The alarm clock goes off and, like most adults, your first thought is “coffee.” Unlike most adults, you’re not just thinking of the beverage you hope to be consuming in a few minutes. You’re also thinking about green coffee. You’re thinking about the green coffee in your roastery and how it will all puzzle together into filling that day’s orders for roasted coffee. You’re thinking about the green coffee that is on its way to your roastery. Is it on the road, in the warehouse, or on the water, and when … when will it arrive? You’re thinking about the green coffee you haven’t yet purchased and how much it will cost today, next week, next month.

If you’re in the business of roasting coffee, no matter how big your company is, whether you play many roles or (theoretically) just a few roles, your day begins and ends thinking about coffee and the in-between is filled with verbs. Call. Decide. Answer. Order. Roast. Pack. Deliver. Supervise. Pay. Fix. Lift. Stack. Ship. Taste. From the moment you wake, you can feel all the verbs in your day, like gravity, pulling you toward them. Even on the rare occasion you have a few quiet moments with your morning coffee, they are moments spent quietly resisting the pull of all the things you have to do today.

Among all the critical verbs in your day, the most important are those we often give the least thought. Lead. Plan. Also, those two words are actually just one word.

If you’re reading this, there is a very good chance you have a leadership role in your company, whether you like it or not. And if you don’t like that idea, it probably means your business leadership is improvised. You might prefer the word “instinctual,” which is fine when it’s just you, the coffee, a roaster, and some craft bags. But as soon as there is another person involved in your business and you are no longer the only one to experience the impact of your “verbs,” you owe it to them and to yourself to be more purposeful in your leadership and planning.

One simple way to experience the feeling of being overwhelmed is to go to a large books store, mosey on over to the business section, and look for books on leadership. If the book store is large enough, leadership books might even have their own set of shelves. Thousands of books have been written about business leadership containing almost as many theories. There is a whole genre of books that claim to teach you how to lead like someone else, from historical characters (Sun Tzu) to fictional talking stuffed bears (Winnie The Pooh). Depending on who you ask, there are 10 principles, seven principles, five principles of leadership, some apparently immutable and others, one assumes then, mercurial. If you like, there are books that can help you determine your leadership “style.”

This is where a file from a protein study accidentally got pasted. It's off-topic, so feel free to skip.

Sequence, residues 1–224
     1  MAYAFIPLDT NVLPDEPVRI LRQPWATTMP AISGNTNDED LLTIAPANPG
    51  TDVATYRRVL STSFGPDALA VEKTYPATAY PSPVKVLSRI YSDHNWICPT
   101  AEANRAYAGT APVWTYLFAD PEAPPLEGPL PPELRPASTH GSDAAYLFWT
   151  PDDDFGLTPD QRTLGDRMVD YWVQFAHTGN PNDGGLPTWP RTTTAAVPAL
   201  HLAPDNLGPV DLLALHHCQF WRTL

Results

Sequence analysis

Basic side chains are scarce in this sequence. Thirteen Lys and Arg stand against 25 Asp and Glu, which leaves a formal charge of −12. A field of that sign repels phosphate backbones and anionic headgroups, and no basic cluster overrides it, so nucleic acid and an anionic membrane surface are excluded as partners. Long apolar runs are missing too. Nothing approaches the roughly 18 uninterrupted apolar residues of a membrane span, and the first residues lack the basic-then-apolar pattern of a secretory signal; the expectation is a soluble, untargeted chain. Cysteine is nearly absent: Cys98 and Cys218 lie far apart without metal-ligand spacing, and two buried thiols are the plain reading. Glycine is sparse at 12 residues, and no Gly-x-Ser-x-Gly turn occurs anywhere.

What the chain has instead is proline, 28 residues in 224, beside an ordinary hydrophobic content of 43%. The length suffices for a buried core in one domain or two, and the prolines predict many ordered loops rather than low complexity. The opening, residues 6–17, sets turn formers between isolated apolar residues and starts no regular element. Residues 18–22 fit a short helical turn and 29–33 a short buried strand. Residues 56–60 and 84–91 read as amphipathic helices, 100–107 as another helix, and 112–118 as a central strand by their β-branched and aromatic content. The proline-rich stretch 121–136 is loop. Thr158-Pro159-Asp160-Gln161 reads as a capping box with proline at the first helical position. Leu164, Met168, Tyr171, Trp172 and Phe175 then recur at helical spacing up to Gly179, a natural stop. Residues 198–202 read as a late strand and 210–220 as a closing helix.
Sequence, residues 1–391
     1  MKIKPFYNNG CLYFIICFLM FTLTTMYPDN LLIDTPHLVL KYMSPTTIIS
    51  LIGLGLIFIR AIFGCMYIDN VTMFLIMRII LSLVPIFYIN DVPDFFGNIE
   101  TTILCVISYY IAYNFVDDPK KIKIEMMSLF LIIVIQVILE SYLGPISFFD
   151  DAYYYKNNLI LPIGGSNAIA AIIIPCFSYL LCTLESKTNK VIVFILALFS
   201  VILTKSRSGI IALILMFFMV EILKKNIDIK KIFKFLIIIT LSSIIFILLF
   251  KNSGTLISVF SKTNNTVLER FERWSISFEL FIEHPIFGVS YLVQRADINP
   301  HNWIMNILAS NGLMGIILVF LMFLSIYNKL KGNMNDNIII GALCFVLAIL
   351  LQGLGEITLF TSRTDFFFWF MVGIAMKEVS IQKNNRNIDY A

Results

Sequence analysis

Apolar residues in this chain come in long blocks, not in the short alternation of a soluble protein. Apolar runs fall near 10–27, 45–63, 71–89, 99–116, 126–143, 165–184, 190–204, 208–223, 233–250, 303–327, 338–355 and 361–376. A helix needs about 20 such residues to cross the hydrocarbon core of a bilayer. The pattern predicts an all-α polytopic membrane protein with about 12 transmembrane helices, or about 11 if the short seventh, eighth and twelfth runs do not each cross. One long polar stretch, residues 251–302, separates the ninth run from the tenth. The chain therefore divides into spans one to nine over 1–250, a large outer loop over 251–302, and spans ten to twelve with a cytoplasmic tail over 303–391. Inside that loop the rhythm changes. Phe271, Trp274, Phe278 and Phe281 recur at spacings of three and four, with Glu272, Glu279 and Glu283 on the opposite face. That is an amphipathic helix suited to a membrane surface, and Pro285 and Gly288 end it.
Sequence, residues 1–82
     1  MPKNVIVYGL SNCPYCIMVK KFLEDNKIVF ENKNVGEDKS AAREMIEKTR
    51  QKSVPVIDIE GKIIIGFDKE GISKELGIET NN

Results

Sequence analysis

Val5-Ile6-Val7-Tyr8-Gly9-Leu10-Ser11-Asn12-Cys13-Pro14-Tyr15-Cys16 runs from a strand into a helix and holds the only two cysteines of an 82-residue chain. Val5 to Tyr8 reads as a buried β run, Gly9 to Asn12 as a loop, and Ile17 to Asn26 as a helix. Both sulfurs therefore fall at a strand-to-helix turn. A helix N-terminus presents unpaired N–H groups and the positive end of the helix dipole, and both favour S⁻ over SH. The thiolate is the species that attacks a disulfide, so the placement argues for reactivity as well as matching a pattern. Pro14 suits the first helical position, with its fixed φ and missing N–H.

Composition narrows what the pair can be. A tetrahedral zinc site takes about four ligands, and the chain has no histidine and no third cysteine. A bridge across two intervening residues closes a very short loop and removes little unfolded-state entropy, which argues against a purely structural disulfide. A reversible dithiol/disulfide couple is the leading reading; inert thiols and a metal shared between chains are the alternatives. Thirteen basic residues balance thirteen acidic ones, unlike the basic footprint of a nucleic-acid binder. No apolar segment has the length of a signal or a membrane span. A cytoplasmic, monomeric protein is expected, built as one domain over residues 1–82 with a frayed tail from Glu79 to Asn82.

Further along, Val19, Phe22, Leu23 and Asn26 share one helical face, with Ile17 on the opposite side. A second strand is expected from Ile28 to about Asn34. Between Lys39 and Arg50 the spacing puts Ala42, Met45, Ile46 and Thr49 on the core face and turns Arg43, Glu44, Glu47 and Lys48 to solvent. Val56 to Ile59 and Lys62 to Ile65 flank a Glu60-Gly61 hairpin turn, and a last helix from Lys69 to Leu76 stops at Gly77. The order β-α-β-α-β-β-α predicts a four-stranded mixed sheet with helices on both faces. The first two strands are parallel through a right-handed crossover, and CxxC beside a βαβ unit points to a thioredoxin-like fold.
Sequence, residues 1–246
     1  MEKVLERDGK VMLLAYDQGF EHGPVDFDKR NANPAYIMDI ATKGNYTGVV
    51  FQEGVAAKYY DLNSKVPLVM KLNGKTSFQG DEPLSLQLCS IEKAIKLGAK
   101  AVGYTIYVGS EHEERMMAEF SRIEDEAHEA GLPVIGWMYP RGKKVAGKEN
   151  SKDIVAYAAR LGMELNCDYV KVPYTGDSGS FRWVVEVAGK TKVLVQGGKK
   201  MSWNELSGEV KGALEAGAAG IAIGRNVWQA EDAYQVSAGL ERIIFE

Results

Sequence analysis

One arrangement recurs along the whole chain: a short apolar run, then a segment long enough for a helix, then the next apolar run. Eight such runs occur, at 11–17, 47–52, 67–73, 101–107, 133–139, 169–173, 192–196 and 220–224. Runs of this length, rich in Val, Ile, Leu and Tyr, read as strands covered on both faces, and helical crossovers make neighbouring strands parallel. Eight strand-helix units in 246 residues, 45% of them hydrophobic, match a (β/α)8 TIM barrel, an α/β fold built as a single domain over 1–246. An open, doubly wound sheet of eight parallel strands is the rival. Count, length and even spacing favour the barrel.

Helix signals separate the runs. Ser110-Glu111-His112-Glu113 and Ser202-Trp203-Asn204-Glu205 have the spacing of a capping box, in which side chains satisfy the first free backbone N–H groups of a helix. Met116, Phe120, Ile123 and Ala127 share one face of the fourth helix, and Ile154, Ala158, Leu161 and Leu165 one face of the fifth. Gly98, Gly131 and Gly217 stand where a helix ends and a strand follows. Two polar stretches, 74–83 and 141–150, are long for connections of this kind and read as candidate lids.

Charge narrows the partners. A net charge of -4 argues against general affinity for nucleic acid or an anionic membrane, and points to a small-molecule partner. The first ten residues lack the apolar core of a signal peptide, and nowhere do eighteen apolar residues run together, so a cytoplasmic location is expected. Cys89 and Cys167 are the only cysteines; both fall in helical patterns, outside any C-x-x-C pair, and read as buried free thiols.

There are so many authors and speakers and consultants and coaches willing to help you when it comes to leadership, it seems unhelpful.

As your business and the number of people depending on you grows, you should seek out whatever resources make sense for you in terms of growing as a leader. But until the day comes when you decide to visit that book store shelf, there are some very fundamental ideas that can help you now, not matter what size your business. And generally speaking, all those thousands of business leadership books (with a few eccentric exceptions), can be distilled down to some basic principles. In the realm of planning and execution, it is critical to understand vision, strategy, and tactics.

Vision, strategy, and tactics are basic elements of business leadership and planning that, in and of themselves, have been written about ad nauseam (along with hundreds of potential component parts, some of which we are going to sneak in on you later), but even a basic understanding can have a significant impact on your ability to execute more effectively and get everyone’s verbs moving in the same direction more often than not.

A note on nomenclature. There is an endless supply of opinions about what words to use for these things, either in place of vision, strategy and tactics, or usually, in addition to them, such as mission, goals, milestones, objectives, actions, projects. Ultimately, the words you use (and the number of component parts) are not as important as everyone in your operation agreeing on what the words you use mean.

Even if your company has not written down a vision, or strategies, or tactics (or their synonyms), these things already exist in some organic, if incomplete and incoherent, fashion inside the culture of your company (a.k.a. vibe or principles or philosophy or way of doing things), where you or someone installed them, perhaps without knowing it. Often, they need only be extracted from the area of your brain that could be called “the fog of doing business,” refined and formalized to live in the real world where others can view them too, and measure their own contribution against them.

Vision (with some Mission on the side)

Without it, the people may not actually parish but they will eventually fail to make enough profit to grow a business. In the beginning, your vision is exactly that. When you imagined what it would be like to have a roasting business, what did you imagine? As the business gets started you will continually make course corrections because things are veering away from what you wanted or intended. On some level, you have a vision for what you want your business to be and it informs decisions you make every day.